As , CNBC reports those who are looking to buy a home should have a credit score of at least 760 to qualify for the best interest rates, but that doesn’t mean you can’t purchase one if your score is lower than that. The higher score you have, the lower the interest rate and the less you’ll pay over the life of the loan.
If you aren’t sure what your credit score is but are assuming it’s poor, be sure to check with all three credit bureaus so that you know what you’re working with. Keep in mind that lenders will look at your Equifax, Experian, and TransUnion scores, and of the three, they’ll throw out the highest and lowest, using the middle score. While 760 isn’t the minimum score to buy a house, anything under 670 is generally considered “subprime,” and if it’s less than 580, “bad.”
While it’s best to increase your score to the highest possible number before attempting to buy, there are things you can do to potentially purchase now.
Come Up with a Large Down Payment
The larger the down payment you have to make on the home, the better as it lowers the risk to the lender by reducing the amount. At least 20 percent is ideal, but you’ll want to put down as much as you comfortably can as it will show the potential lender that you are willing to make a significant investment, are committed to the home, and follow up with the monthly mortgage payments. If you don’t have much cash available and already own a home now, be sure to determine the answer to the question, “What is my home worth?” as you may be able to make a high enough profit to use for your down payment.
Increase Your Available Credit
If you can increase the amount of credit you have available, it will quickly improve your score. That can be done by requesting credit limit increases and/or paying down your balances. Either will decrease your total credit utilization, which has a significant impact on your credit score. Most credit card companies will allow you to request an increase without causing a hard pull on your credit, which can slightly lower your score.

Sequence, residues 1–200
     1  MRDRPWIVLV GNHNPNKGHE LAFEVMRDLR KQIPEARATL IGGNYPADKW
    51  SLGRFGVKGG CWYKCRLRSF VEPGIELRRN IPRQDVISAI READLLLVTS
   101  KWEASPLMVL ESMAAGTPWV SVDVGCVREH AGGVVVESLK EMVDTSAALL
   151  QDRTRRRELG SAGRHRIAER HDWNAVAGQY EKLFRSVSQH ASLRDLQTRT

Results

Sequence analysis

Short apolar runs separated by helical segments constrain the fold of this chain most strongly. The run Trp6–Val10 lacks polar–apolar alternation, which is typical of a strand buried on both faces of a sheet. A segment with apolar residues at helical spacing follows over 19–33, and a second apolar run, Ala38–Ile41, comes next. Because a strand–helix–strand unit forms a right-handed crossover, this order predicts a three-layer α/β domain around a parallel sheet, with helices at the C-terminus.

Shop Multiple Lenders
It’s important to shop around when searching for the right lender as not only will you want to get the best interest rate possible, but each one has its own particular credit requirements. While there are some that require at least a “good” credit score, some lenders consider a score of 650 or less as “bad,” while for others, it’s 630. Be sure to submit your application with a short period – inquiries taking place over 45 days won’t hurt your credit score as much as the scoring models will see it as shopping around.
Consider an FHA Loan
It can be possible to obtain an FHA loan with a credit score as low as 500 as these loans typically have looser credit requirements, although you need to have at least a 10 percent down payment if it’s less than 580. While some lenders may help cover closing costs, that usually means paying a higher interest rate in addition to private mortgage insurance (PMI) when putting down less than 20 percent.
Look at Homes with Prices at the Low End of Your Budget
The lower the home’s price tag, the higher the chance that you’ll get approved for a mortgage. The general rule is that the total cost of your monthly mortgage payment, property taxes, and insurance should be no more than 28 percent of your pre-tax income. Use that figure and look for homes with prices under that for the best chance of getting approved for a home loan.